NEW BRITAIN – To be an ally toward the Black Lives Matter movement means to be actively involved for Mahmuda Chowdhury, who was inspired to design her own lawn signs to support the cause.
“It is a simple message, but it means a lot,” said Chowdhury, a New Britain youth leader. “I wanted something with power but not anything too complicated so the message of support doesn’t get lost.”
The lawn sign has the words #BLACKLIVESMATTER printed in white against a black background. It also has a QR code that leads to the Black Lives Matter website for more information. She designed it with the help of friends and family and has been sharing it at different local protests, rallies and group discussions.
After the May 25 death of George Floyd, a Minneapolis man who died after a police officer kept his knee on Floyd’s neck for nearly nine minutes, Chowdhury began joining local protests and started having conversations with family, friends and strangers about the movement. She soon realized while most people say they support the black community, they are not actually doing anything to help.
“I think it’s really important to not only acknowledge the problem, but to do something about it,” she said. “You can’t say you’re an ally and that’s it. That’s not enough. There is a need to do more and by making the lawn signs and putting it out there in our neighborhoods; it’s just my small way of contributing to the change.”
Chowdhury was inspired by the passion of the movement as well as the general sense of helplessness from people, a sentiment Chowdhury learned through her various conversations.
“A lot of people think the movement is going to lose steam and even with all the protesting going on, most people feel like nothing is going to change,” she said. “The thing is, nothing is going to change if you don’t do anything about it.”
Growing up in New Britain was a good experience for the University of Connecticut student. But because of the color of her skin, Chowdhury has had her fair share of racist experiences.
“I’m Bengali, but I was born in New York and grew up in New Britain,” she said. “While it’s a very diverse town and I love my early exposure to different cultures, there are still a lot of misunderstandings between different cultures and we have a lot of work we need to do.”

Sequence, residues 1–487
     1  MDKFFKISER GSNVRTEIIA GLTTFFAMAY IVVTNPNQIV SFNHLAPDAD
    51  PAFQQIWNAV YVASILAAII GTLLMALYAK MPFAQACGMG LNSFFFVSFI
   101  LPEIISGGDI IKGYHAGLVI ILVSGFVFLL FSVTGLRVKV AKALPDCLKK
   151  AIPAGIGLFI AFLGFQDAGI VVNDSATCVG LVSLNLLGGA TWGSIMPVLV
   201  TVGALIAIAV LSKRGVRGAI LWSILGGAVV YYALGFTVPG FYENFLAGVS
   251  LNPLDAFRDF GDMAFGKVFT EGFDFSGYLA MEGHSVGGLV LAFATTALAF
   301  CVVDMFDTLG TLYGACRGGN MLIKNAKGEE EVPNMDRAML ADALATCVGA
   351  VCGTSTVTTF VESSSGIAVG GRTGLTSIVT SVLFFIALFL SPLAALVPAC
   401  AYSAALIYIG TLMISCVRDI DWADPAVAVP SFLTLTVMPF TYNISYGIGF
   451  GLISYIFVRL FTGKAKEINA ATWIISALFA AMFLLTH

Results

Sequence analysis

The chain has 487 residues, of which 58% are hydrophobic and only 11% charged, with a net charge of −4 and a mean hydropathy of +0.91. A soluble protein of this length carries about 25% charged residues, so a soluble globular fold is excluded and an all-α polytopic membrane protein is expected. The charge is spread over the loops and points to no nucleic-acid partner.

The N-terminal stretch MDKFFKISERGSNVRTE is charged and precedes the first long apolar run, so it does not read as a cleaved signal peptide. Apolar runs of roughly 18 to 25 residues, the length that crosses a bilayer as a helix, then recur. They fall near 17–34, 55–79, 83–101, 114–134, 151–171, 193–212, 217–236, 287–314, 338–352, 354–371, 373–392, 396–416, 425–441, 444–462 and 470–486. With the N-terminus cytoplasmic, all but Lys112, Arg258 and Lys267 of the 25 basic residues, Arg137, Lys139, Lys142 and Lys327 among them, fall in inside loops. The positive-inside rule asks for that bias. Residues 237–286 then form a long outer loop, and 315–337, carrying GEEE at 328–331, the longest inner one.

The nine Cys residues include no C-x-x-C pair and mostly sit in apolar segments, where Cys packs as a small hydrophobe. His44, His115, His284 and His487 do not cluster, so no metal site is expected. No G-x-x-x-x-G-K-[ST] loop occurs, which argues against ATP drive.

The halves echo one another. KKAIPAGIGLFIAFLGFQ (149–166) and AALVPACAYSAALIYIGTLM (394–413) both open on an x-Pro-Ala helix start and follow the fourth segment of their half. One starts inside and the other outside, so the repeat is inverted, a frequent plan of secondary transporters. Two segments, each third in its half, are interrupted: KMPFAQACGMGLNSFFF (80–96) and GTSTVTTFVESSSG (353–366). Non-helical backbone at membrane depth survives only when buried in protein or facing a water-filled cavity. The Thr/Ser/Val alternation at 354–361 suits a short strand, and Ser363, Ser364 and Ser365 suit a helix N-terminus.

While recognizing she isn’t black, Chowdhury does feel like she has a heightened sense of sensitivity because of her own experiences with racism.
“We all go through our struggles, but the experiences are incomparable,” Chowdhury said. “Anything that I’ve been through is nothing compared to what a black child has to go through. Which is sad and depressing and that makes it even more important for us to acknowledge the problems.”
To stand in solidarity is important to Chowdhury and she believes the movement should not be viewed as something that is controversial or political.
“It’s a stand for people with human decency,” she said. “I know there is only so much that a person can do, but what we can keep doing is showing support by being vocal. It’s important to keep in mind what other people are going through and just because people stop posting about it on social media doesn’t mean the work is done.”
The price of the signs is $10, but buyers are welcomed to donate more. All proceeds will be split between the Black Lives Matter, ACLU, United Negro College Fund and the NAACP Legal Defense Fund & Education Fund.
For those interested in purchasing a sign, contact Mahmuda Chowdhury at firstname.lastname@example.org.